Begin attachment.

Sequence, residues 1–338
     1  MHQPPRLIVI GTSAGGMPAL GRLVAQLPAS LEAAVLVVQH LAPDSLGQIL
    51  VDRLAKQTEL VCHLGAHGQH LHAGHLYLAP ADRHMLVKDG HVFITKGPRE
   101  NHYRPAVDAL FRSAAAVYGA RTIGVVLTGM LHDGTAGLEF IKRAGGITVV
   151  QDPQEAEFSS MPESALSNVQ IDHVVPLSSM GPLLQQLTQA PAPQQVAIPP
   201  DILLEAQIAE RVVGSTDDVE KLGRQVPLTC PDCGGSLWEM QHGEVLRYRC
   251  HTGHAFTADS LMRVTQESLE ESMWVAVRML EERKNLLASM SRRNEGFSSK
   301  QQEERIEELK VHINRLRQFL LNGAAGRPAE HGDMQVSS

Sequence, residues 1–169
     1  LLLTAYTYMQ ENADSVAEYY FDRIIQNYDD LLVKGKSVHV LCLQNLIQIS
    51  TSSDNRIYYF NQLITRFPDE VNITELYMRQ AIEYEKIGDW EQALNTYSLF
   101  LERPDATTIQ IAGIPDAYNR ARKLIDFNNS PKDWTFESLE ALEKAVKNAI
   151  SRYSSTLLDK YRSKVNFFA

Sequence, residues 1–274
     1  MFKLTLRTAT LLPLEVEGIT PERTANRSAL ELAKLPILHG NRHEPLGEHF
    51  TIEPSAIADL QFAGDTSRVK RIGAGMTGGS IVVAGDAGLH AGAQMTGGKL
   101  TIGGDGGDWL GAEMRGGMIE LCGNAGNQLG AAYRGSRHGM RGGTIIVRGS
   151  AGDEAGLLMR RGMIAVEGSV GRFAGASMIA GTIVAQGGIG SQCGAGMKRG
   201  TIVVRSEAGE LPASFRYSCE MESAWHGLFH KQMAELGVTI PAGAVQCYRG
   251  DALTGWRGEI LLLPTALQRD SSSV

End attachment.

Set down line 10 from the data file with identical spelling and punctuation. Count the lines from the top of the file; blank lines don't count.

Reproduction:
     1  LLLTAYTYMQ ENADSVAEYY FDRIIQNYDD LLVKGKSVHV LCLQNLIQIS